Purpose of this research was to explore the incidence, characteristics and consequences of blame-related distress and its relationship to moral distress. An instrument was created and validated and a conceptual model proposed for relating blame to similar constructs among clinical staff working in acute care.
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The aim of this study was to test a strategy for quantifying incidence of nurse suicide using San Diego County data as a pilot for national investigation.
Worldwide, 1 person dies by suicide every 40 seconds; more than 1 000 000 suicides occur yearly. Suicide rates for nurses in the United States have not been evaluated. This methodological article tested a strategy to identify incidence of nurse suicide compared with those of physicians and the general public.
Deidentified San Diego County Medical Examiner data from 2005 to 2015 were analyzed with a descriptive epidemiologic approach.
Overall RN (18.51) and physician (40.72) incidences of suicide per 100 000 person-years were higher than the San Diego general population, excluding nurses (15.81) normalized to 100 000 person-years.
Establishing incidence of nurse suicide is confounded by variation in reporting mechanisms plus incomplete availability of nurse gender data. Relatively small outcome numbers compared with the general population may underestimate results. Research using a larger sample is indicated. Nurse executives may decrease risk by proactively addressing workplace stressors.
Objectives: To summarize the validity of caregiver‑centered delirium detection tools in hospitalized adults and assess associated patient and caregiver outcomes.
Design: Systematic review
Setting: We searched MEDLINE, EMBASE, PsycINFO, CINAHL, Scopus from inception to May 15, 2017
Participants: Hospitalized adults
Intervention: Caregiver-centered delirium detection tools
Measurements: We drafted a protocol from Preferred Reporting Items for Systematic Reviews and Meta-Analyses (PRISMA) guidelines. Two reviewers independently completed abstract and full-text review, data extraction, and quality assessment. We summarized findings using descriptive statistics including mean, median, standard deviation, range, frequencies (percent), and Cohen's Kappa (κ). Included studies reported on the validity of caregiver-centered delirium detection tools or associated patient and caregiver outcomes, and were cohort or cross-sectional in design.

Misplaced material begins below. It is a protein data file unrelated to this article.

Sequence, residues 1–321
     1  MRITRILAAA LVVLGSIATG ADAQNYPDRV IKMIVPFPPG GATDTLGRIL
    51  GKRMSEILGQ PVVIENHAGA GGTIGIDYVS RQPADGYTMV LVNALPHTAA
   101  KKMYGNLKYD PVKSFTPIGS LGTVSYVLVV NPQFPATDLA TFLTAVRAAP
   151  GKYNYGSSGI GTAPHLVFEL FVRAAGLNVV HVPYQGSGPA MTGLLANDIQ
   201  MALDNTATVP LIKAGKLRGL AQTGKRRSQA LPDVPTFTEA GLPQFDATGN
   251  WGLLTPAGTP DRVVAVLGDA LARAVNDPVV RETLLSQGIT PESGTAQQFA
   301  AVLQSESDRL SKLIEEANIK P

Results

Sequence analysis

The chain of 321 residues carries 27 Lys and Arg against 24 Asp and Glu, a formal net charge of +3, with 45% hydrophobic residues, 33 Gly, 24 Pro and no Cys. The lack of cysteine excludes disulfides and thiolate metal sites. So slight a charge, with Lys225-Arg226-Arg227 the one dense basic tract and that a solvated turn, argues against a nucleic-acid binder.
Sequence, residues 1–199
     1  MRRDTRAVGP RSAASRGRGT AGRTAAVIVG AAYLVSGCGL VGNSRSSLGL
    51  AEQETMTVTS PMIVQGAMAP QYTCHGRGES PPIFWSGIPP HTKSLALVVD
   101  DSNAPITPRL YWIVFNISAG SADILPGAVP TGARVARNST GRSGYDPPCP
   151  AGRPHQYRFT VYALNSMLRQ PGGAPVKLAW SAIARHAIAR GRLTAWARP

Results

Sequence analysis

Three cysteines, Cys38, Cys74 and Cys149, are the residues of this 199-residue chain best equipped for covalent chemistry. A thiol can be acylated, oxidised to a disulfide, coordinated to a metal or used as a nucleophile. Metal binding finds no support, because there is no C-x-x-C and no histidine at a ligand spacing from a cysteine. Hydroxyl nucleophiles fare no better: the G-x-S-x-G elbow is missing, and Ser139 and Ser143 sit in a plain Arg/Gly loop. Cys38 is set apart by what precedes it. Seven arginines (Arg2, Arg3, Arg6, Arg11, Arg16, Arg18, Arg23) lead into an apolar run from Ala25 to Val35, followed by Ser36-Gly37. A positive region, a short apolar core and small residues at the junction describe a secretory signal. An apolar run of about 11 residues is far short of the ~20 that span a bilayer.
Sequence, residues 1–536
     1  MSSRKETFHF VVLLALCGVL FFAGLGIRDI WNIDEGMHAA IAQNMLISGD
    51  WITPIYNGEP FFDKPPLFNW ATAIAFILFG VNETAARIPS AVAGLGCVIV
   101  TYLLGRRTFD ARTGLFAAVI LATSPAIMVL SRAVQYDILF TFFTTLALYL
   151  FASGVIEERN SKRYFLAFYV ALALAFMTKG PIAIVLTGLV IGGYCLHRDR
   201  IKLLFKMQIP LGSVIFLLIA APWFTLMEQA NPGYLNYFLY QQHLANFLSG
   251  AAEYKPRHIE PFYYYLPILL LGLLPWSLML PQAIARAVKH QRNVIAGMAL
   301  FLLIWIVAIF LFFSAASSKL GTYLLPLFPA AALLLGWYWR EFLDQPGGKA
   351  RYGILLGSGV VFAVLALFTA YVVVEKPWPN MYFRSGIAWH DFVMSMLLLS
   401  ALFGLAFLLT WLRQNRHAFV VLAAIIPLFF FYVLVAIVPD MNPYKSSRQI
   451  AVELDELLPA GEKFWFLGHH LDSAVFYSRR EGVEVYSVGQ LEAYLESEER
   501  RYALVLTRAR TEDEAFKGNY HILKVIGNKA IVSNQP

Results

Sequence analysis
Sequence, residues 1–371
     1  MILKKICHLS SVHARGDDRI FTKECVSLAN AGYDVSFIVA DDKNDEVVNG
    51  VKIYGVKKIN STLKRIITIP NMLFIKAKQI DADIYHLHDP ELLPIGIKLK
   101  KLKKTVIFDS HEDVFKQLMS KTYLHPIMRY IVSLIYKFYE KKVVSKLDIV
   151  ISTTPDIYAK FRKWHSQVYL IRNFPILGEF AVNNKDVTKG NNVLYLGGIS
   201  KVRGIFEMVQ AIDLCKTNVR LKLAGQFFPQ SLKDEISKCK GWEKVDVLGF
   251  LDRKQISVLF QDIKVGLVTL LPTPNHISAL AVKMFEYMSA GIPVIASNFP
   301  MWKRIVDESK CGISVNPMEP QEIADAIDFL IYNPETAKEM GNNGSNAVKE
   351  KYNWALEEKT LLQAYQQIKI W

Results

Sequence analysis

Results: We reviewed 6056 titles and abstracts, included six articles, and identified six caregiver-centered tools. All tools were designed to be used in several minutes or less, and had 11 items or fewer. Three tools were caregiver-administered (completed independently by caregivers): Family Confusion Assessment Method (FAM-CAM), Informant Assessment of Geriatric Delirium (I-AGeD), and Sour Seven. Three tools were caregiver-informed (administered by a healthcare professional using caregiver input): Single Question in Delirium (SQiD), Single Screening Question Delirium (SSQ‑Delirium), and the Stressful Caregiving Response to Experiences of Dying (SCARED). Caregiver‑administered tools had higher psychometric properties [FAM-CAM sensitivity 75% (95%, confidence interval CI, 35-95%), specificity 91% (95% CI, 74-97%); Sour Seven positive predictive value, PPV 89.5%, negative predictive value, NPV 90%] than caregiver-informed tools [SQID: sensitivity 80% (95% CI, 28.3-99.5%), specificity 71% (95% CI, 58.77-99.8%), SSQ-Delirium sensitivity 79.6%, specificity 56.1%].
Conclusions: Delirium detection is essential for appropriate delirium management. Caregiver‑centered delirium detection tools are promising to improve delirium detection and associated patient and caregiver outcomes. Comparative studies utilizing larger sample sizes and multiple centers are required to determine validity and reliability characteristics.
Key Words: delirium; caregiver; family; hospital; screening
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